‘There was a house there this morning’ — 10th/John lot cleared for ‘Ramiro’s Place’ project

(Image: King County)

(Image: King County)

“There was a house there this morning.” That’s how user radiogibbons introduces his Instagram video of the cleared lot at 10th and John where a single-family home has stood since 1905. Such is the pace of change around Capitol Hill — especially in the core near the coming Capitol Hill Station.

The project replacing the demolished house isn’t large enough to qualify for the city’s full design review process. “Establish use as three unit rowhouse and construct new boarding house structure, and occupy per plans,” the permit reads.

CHS has reported extensively on the microhousing trends playing out across the Hill. We’ve also reported on the continued rising rents around the Hill even as new projects join the market.

Developer Murray Kahn, by the way, has worked in the past with Hill developer Scott Shapiro who is also currently financing a microhousing and restaurant project of his own on 12th Ave.

Kahn’s project at 10th and John doesn’t appear to have a restaurant included in the plans — but it does have a Capitol Hill food and drink connection. Galerias restaurant owner Ramiro Rubio once owned the property but was forced to sell after his Broadway eatery was gutted in a November 2011 arson fire. Kahn has named the company behind the development Ramiro’s Place, LLC, by the way.

Rubio also once owned the cutie-pie little pink house to the east of the now cleared lot. It still stands in all of its 700-square-foot glory. But with the changes underway within walking distance of the coming light rail station, the little pink house could also soon find its days numbered.

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19 thoughts on “‘There was a house there this morning’ — 10th/John lot cleared for ‘Ramiro’s Place’ project

  1. Sad to see this cute lil house go :(

    With the squeeze taking place in the area and eventual demand for more land near the upcoming light rail station, I’m sure more of these lil homes will come down as the land becomes more valuable than the homes that reside on them.

    I find myself searing images of my neighborhood into my memory today as I know in 20 years it will be unrecognizable and I don’t wish to forget what once stood.

  2. And once again, did they do anything to salvage any of it. Nope, I saw it as they just tore into it and ripped it down. Windows in the frames, wood…nothing but a big scrap heap.

    Yup, Seattle is a joke when it comes to “being progressive & green” They only green this city likes is Money.

  3. I have to agree with the salvage remark. It’s not exactly hard. All the owner had to do was call Re Stor in Ballard and they would’ve handled the rest. It is indeed a joke…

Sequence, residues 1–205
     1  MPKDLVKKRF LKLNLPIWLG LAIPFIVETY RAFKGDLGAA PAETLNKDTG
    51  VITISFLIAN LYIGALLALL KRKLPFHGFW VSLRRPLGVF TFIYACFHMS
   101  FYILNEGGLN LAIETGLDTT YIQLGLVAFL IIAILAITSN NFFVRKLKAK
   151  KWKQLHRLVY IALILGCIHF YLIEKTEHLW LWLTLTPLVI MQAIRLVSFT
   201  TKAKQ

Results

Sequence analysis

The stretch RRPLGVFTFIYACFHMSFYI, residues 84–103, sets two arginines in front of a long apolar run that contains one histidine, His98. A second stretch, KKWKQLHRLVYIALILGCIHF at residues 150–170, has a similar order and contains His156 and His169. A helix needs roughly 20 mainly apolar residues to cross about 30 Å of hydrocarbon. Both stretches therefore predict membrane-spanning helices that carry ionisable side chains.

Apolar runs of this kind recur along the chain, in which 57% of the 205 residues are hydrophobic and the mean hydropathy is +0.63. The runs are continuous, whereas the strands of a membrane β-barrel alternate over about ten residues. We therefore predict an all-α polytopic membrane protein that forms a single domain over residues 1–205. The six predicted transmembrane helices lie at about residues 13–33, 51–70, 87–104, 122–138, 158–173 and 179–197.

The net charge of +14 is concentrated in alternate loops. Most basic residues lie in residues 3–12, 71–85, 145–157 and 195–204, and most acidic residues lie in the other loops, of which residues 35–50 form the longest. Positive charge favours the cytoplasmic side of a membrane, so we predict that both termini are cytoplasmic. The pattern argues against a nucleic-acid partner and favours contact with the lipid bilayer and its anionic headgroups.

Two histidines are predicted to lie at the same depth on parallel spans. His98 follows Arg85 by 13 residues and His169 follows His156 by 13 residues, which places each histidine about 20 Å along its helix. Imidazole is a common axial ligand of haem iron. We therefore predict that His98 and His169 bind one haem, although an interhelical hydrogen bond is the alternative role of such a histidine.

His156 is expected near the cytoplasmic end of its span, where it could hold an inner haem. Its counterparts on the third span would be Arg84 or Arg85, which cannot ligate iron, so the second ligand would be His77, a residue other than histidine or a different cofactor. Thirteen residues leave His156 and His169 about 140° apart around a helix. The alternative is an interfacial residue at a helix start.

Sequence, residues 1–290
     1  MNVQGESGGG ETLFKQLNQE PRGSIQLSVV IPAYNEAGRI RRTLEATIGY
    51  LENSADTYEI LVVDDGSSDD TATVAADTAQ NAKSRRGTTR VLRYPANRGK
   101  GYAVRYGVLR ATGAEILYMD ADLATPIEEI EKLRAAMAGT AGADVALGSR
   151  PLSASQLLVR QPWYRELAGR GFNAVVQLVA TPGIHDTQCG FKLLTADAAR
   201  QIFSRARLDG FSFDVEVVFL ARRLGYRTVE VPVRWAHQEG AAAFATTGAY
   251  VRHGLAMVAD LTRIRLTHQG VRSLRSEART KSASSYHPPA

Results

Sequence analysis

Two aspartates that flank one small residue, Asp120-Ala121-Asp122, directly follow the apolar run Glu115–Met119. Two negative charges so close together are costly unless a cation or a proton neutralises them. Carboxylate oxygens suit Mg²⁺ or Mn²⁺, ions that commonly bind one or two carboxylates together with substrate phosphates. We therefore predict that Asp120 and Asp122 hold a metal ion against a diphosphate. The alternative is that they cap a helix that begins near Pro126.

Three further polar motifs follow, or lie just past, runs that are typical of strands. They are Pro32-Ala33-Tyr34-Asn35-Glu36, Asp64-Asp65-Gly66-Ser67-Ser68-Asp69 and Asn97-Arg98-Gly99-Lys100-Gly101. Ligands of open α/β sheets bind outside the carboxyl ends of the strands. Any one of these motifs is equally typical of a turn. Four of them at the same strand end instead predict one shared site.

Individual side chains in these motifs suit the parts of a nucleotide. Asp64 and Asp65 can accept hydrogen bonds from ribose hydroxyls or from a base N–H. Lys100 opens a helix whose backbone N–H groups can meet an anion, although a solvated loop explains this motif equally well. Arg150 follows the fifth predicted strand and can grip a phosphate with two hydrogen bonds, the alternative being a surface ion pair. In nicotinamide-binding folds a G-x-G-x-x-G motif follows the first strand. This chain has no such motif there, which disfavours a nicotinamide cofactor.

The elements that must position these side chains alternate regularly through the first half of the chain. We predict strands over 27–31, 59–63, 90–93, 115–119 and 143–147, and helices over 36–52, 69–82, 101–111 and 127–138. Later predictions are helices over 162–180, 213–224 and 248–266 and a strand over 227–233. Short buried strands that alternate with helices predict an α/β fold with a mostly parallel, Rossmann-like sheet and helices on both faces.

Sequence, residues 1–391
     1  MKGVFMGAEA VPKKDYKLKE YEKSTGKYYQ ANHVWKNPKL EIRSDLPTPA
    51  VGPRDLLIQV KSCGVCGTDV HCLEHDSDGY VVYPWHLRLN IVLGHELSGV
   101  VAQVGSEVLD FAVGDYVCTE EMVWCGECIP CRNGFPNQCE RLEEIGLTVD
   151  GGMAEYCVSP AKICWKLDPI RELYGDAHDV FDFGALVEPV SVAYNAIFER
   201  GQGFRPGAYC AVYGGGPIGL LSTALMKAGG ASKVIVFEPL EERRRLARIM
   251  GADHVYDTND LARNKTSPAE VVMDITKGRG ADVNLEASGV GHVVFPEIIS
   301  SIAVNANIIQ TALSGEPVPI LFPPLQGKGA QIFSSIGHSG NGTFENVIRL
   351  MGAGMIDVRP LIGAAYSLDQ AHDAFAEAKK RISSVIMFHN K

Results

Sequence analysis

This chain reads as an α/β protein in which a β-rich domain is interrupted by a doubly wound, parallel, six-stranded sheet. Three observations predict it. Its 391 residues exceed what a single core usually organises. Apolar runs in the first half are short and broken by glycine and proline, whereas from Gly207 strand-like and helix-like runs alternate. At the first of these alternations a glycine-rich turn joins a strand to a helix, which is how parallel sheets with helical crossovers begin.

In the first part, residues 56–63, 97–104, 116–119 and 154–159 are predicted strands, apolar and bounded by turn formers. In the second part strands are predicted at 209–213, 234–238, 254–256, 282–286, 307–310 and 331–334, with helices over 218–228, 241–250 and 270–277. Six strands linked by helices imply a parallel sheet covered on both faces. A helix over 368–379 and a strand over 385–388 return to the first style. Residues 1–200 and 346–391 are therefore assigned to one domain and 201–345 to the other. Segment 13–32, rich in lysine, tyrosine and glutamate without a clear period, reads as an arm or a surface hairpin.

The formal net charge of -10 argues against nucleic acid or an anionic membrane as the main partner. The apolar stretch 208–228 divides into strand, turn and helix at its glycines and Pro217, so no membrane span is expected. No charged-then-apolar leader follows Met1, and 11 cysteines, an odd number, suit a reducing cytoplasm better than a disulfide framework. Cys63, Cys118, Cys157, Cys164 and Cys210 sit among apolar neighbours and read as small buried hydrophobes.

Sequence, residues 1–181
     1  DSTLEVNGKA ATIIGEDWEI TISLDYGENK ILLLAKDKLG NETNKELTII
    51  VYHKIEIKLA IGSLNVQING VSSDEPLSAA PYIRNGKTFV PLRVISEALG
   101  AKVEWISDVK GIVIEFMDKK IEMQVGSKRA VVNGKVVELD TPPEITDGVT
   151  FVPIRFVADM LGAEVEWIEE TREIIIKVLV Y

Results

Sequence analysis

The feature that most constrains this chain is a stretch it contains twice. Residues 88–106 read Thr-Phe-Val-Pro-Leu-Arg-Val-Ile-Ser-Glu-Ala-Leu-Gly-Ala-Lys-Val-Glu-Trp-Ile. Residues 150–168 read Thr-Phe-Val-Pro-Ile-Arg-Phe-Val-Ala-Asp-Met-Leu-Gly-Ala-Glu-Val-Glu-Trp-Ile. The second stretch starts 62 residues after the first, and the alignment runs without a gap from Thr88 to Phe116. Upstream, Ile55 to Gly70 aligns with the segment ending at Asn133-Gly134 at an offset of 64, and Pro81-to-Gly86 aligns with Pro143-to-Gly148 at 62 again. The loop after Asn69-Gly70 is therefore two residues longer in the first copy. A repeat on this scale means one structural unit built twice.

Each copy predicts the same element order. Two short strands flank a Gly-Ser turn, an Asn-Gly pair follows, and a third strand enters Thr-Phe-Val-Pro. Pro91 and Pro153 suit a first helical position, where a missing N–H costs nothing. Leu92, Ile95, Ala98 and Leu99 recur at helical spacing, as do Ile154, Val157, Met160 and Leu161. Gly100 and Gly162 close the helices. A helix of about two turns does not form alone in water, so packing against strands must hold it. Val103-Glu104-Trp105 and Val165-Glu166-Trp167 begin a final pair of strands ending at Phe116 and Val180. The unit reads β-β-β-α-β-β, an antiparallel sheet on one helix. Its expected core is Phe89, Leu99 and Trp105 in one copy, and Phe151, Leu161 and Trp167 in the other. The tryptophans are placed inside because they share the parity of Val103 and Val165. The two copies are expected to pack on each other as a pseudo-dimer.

Why exactly isn’t this a requirement by the city??

  4. Not only do they not salvage anything that could be salvaged I do not think they do anything about toxic chemicals that are in the house. These old homes would have lead paint and asbestos floor tiles. Just another thing to think about.

  5. I’m pretty sure I saw them removing windows at the very least the morning of the demolition. I was actually quite surprised at how quickly they managed to demolish the house.

  6. molotov cocktail, meet microhousing. Thats how they handled it in Nevada.
    (though I don’t seriously agree or condone, the emotion is still there)

  7. It is sad. Why not at least incorporate the facade into the new buildings. I am very skeptical that it is greener or anything to tear down really nice modest homes with some land for all building. I am sure ReStore or Second Use would have been willing to take most of the flooring and siding too. What a shame.

  8. Doomed, really density density density! Don’t hold on to the past – demolition and build tiny cubes and boxes for the bridge and tunnel set. Very sad.

    • How is living centrally the bridge and tunnel set? You used the meaning of the term exactly backwards. Thanks for the laugh though. :D

      • Capitol Hill is a bridge and tunnel crowd for sure these days, at least on the weekends. Packing more people from everywhere BUT Seattle into the neighborhood that I once loved the vibe of, was the point I was trying to make, but I’m glad i could make you laugh.

      • Bridge and tunnel crowd refers to those who come in from the burbs, then leave. This article is about building dense housing for people that LIVE on the hill, not commute in and out of it.

  9. And yet another home of character bites the dust. Sad, and maddening!

    The wording on the permit is kind of confusing…a “three-unit row house” is one thing, but a “boarding house structure” is probably another apodment. Is there to be both of these things built on that small site?

    I live one block away. Parking is very tight around here, and now it will get even worse.

    • I live a block away too… and the “character” of this house had fallen on hard times after years of tenants and owners not maintaining it. The picture in this story is very old and obviously from happier times… when it still had a proud owner. But, yea, had a feeling this would go to microhousing.

  10. Don’t let developers destroy Capitol Hill because they will. In Vancouver BC people are trying to save classic turn of the century houses as Chinese investors keep buying them and destroy them for development.

  11. The owner of the house owned the Galerias restaurant which went up in a fire that was being investigated. The owner went back to Mexio from what I heard. Hmmmmm

  12. I know the owners of the pink house. they are not developers. after they owned the house, they really listened to the neighbors input on keeping the house the way it is instead of developing it.

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